Rawr: ‘Cougar’ catfight stirs controversy

A cougar. (PHOTO: Bob Haarmans, Flickr CC)

An actual cougar. (PHOTO: Bob Haarmans, Flickr CC)

Last week, a young hunter perched in his deer stand near Nashwauk got the story of a lifetime without even firing a shot.

Here’s the description from an article by Dave Orrick of the St. Paul Pioneer Press:

I wasn’t there, but I know this: Jordan Bowen saw a big wildcat try to attack a deer.

The deer escaped, and the cat bounded up a tree. Way up, especially for such a big cat. Then it started snarling and howling and went down the tree. Then it got into a brief fight with another big cat.

And Jordan, a 16-year-old from Rush City, got to see it all from his deer stand.

A kid could do worse than that on a day in the woods.

What’s not clear, however, is whether Bowen saw two cougars, he and his family’s assertion, or whether the he saw bobcats, the conclusion of the Minnesota Department of Natural Resources.

Now before I continue with the details of this controversy, know this.

Every back woods roustabout, Good Time Charlie, and wily rustic sage this side of the Dakota border has a story about a cougar, also known as a mountain lion. They saw one on a trail cam. They dodged one on the highway. Walked out back to take a leak and there it was, big as life!

And near every DNR big cat expert has a response. No, they didn’t.

YES THEY DID YOU DON’T EVEN KNOW!!!

The identification of cougars remains a touchy subject for Northern Minnesotans. Cougars are rare here, but do appear once in a while. No one has documented a breeding pair in Minnesota since the days of tall masted ships on Lake Superior. And yet, the DNR seems to have an almost pathological aversion to admitting that the large predators might be moving closer to the state’s North Woods.

The seeds of this conflict may be found in the Minnesota DNR’s original 1878 motto, “Quidquid est, fringilla non cougar.” (English: “Whatever it is, it’s not a cougar.”)

So, we return to Orrick’s story of Bowen’s big cat sighting and the response of the DNR.

After Bowen reported his story last week, Orrick talked to DNR large carnivore specialist Dan Stark. Stark came up with the idea to bring a large cardboard cutout of a mountain lion to compare to the picture Bowen took of one of the cats.

Stark concluded that the cat in the picture looked smaller than the cutout photographed in the same tree. (See for yourself).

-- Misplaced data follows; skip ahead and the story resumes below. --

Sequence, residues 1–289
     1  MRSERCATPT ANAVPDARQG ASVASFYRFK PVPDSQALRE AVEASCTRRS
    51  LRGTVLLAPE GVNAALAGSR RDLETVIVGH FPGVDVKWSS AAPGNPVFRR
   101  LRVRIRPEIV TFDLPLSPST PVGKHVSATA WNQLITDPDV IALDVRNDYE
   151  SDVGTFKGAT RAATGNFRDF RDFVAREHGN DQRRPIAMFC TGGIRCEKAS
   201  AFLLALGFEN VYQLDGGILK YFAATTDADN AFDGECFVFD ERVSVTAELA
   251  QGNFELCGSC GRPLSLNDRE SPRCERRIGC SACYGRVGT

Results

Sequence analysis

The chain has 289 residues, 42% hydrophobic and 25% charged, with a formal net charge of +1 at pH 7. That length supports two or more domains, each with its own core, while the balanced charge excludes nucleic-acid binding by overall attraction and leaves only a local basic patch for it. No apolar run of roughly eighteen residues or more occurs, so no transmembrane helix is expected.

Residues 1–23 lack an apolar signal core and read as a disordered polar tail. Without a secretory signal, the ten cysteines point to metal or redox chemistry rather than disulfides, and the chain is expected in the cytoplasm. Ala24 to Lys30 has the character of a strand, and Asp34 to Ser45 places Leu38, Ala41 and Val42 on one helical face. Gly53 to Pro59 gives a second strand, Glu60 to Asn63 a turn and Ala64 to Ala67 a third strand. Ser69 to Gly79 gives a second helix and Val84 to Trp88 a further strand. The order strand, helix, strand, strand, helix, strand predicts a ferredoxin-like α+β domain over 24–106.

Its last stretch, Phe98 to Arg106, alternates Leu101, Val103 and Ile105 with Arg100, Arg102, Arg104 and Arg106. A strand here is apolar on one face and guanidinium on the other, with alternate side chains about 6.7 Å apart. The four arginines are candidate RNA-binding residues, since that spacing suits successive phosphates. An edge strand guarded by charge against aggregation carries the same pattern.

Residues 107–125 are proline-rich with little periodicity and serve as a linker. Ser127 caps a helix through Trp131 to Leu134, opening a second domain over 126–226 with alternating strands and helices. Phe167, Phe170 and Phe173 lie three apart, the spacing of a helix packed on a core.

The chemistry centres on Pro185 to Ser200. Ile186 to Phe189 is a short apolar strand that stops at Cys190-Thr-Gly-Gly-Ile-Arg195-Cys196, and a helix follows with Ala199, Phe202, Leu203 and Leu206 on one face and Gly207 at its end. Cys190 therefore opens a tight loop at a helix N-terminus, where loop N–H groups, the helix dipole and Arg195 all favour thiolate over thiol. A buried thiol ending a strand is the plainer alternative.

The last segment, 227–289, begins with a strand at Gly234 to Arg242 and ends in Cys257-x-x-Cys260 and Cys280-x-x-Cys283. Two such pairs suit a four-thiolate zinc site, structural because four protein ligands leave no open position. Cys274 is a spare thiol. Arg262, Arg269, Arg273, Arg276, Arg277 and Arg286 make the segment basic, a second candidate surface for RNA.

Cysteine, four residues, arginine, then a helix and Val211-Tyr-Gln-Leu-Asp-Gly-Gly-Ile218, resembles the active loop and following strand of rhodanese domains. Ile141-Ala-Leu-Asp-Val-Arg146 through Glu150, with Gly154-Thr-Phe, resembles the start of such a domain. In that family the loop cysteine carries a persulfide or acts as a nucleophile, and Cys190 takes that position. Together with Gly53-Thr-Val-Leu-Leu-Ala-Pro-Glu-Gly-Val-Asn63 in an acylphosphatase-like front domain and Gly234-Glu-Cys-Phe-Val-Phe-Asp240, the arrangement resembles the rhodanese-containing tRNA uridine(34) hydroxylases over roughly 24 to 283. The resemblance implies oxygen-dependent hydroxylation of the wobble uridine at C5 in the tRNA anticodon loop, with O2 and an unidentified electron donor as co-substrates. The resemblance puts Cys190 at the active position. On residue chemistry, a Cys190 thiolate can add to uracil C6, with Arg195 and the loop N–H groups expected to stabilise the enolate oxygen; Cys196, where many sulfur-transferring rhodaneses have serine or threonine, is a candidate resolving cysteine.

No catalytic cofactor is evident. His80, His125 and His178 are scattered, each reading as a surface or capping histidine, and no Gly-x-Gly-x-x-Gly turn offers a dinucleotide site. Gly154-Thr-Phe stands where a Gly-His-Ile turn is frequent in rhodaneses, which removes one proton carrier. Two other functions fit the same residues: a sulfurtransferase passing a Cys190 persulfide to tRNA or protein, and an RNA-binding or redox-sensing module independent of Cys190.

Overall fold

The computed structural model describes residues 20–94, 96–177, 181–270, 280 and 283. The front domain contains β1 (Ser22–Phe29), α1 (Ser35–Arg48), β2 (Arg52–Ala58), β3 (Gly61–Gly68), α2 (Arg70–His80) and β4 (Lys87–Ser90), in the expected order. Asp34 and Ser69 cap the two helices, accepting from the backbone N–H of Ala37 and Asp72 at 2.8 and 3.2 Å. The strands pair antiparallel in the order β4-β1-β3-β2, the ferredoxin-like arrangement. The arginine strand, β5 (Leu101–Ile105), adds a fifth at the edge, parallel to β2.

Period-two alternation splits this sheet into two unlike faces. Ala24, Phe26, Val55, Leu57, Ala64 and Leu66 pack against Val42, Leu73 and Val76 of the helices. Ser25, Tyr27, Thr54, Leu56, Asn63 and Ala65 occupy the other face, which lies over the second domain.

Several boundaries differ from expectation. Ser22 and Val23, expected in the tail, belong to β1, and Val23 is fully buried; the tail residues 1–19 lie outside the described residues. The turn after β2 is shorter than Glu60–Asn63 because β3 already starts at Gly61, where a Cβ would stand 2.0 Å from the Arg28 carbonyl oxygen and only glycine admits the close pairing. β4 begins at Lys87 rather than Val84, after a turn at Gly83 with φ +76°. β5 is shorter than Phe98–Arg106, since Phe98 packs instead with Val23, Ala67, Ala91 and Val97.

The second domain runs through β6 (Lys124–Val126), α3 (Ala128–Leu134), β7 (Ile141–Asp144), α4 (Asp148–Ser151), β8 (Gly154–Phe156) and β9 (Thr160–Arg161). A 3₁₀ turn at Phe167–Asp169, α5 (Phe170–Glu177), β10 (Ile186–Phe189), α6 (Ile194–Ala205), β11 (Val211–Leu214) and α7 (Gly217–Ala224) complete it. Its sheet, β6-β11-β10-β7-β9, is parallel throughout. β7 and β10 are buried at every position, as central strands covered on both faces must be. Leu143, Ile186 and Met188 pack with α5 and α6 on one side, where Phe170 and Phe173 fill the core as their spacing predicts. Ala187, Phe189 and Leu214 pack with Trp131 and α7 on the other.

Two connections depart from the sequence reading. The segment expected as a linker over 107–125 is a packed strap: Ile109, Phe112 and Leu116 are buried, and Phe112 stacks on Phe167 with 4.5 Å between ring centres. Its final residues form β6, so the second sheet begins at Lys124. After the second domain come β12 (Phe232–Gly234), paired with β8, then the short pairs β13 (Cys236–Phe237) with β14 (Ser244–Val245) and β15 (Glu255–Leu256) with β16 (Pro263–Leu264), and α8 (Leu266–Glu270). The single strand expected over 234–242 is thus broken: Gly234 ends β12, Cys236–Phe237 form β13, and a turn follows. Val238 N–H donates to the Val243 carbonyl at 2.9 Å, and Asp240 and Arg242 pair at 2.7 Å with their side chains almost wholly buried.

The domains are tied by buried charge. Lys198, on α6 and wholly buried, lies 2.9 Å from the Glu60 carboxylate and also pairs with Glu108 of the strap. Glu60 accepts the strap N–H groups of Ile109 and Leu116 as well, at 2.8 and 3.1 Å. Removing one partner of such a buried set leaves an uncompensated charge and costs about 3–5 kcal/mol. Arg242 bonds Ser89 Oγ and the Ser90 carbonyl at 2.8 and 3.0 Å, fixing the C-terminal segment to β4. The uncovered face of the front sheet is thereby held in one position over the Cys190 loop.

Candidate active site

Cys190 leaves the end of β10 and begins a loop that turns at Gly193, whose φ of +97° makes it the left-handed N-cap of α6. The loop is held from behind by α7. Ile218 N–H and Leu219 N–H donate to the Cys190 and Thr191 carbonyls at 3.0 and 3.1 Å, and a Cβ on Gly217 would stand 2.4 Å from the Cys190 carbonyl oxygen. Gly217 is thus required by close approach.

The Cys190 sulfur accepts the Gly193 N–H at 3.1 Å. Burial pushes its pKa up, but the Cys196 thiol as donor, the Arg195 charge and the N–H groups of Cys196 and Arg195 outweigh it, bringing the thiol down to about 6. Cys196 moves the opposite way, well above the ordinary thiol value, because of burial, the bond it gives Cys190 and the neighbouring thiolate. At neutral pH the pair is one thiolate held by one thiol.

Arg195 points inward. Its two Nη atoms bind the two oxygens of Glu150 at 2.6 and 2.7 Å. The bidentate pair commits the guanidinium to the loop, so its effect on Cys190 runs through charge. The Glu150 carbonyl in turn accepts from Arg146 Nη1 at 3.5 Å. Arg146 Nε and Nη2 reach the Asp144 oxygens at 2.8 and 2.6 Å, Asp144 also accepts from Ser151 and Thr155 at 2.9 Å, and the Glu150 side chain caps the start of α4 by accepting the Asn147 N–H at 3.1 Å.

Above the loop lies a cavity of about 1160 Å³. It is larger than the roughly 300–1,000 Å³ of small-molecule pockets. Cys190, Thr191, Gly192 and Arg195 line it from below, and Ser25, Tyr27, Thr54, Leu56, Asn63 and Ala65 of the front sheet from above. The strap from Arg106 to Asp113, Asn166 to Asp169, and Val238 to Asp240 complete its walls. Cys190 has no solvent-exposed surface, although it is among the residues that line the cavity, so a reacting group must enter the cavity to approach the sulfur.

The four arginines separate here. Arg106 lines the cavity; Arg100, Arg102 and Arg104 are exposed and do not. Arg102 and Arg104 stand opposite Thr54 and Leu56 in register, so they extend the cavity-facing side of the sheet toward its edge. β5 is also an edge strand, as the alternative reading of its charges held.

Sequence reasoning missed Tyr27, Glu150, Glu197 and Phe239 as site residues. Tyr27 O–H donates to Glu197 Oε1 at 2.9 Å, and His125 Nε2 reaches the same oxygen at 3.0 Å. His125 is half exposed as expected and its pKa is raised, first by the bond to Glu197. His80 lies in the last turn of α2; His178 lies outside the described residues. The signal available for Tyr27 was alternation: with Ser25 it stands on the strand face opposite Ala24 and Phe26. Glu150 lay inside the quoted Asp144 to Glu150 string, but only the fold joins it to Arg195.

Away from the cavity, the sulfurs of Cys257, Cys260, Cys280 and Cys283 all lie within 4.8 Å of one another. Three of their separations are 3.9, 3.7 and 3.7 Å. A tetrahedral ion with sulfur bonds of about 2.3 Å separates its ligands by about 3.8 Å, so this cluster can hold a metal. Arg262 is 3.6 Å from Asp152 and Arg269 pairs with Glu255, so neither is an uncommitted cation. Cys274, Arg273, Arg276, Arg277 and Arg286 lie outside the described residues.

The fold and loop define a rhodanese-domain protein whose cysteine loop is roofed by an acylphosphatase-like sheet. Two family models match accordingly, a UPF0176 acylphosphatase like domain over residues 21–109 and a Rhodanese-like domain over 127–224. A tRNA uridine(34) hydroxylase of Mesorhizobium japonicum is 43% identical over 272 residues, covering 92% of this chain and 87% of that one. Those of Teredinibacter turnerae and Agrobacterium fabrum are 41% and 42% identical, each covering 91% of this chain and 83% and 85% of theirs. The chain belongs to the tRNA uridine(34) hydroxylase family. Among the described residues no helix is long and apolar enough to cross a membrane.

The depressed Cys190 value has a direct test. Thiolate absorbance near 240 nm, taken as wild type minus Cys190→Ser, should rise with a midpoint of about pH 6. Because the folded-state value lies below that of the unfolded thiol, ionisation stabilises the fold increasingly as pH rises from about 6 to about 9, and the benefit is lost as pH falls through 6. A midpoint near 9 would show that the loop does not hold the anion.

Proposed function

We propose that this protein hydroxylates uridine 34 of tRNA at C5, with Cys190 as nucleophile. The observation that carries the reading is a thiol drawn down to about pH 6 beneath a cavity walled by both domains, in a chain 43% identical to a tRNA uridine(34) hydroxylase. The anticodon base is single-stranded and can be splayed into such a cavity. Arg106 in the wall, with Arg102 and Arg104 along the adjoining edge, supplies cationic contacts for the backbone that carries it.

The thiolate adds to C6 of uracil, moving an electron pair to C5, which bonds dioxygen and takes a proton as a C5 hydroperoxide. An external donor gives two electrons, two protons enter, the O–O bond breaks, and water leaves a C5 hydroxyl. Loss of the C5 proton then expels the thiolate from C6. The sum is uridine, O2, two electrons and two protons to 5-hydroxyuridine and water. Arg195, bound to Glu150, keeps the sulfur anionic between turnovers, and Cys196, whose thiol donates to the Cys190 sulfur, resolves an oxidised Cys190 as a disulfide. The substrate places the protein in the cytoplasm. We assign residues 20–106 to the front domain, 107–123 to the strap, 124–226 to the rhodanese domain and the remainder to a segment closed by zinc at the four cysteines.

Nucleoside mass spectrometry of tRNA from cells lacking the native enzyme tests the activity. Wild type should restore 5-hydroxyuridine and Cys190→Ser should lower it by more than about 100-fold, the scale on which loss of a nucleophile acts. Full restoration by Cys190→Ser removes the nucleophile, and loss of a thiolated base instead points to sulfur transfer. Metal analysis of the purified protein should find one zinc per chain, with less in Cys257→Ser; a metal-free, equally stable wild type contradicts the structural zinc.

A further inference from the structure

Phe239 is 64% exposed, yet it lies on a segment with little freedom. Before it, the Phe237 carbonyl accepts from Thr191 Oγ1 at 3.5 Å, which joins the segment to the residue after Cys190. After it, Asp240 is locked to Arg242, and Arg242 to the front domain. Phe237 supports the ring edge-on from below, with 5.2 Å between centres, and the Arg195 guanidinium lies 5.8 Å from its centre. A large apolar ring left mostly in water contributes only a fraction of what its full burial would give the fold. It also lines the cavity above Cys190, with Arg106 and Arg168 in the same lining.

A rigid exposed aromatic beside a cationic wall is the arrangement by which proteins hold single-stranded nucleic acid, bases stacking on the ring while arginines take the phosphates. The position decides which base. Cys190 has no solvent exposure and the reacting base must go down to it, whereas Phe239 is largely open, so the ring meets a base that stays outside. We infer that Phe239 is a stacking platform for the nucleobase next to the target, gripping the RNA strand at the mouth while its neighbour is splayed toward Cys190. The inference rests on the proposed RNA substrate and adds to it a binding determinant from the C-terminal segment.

However, like a dicey pre-election poll, there are problems with the methodology. Stark put the faux cat in a lower branch, a few feel below where the real cat was seen. So there’s an optical illusion at play that makes one wonder what the picture would look like if the cutout was placed where the cat actually stood.

The Bowens swear up and down the cats were larger than a bobcat. They even allege some sort of cougar denial conspiracy at the DNR. Meanwhile, wildlife biologists say that bobcats are deceptively big, often faking out those who see them.

The big cat question remains. Cougar or bobcat? Decide for yourself. Just be sure you’re confident before you lock in your feline answer.

Comments

  1. It’s all just big government intrusion into our lives. And to think we paid for this “expert” to cut out a piece of cardboard, drive up from the cities, hang it haphazardly in a tree…and claim he was doing “research”. What a joke. We probably paid for his lunch and gas as well.

  2. Stark lives and works in Grand Rapids. Personally I thought the use of a cardboard cutout was an inexpensive technique that went beyond the traditional interview with the hunter. A great idea. Pity it wasn’t higher in the tree.

  3. From the time I saw the pictures and heard the audio, I was 100% sure they were bobcats.
    If you enlarge the photos on a monitor, you can Clearly see the spots and stripes on the underside of the legs and belly. There is no long tail visible. What looks like a tail in one picture is just the other hind leg. People see what they want to see. I wish we had more cougars in MN, but these aren’t them!

  4. The question really should be, “how did you differentiate this from a bobcat?” I hear lynx and cougar stories often only to find out, after in depth questioning, it probably was a bobcat. What did the tail look like? Did it have ear spikes? How long? Any spots near hind legs, inner thighs? How many cougar, lynx, bobcats have you seen? Nevertheless what ever Mr.Bowen saw, it is still a good find. If there are a million bobcats, you will never see 999,999 of them.

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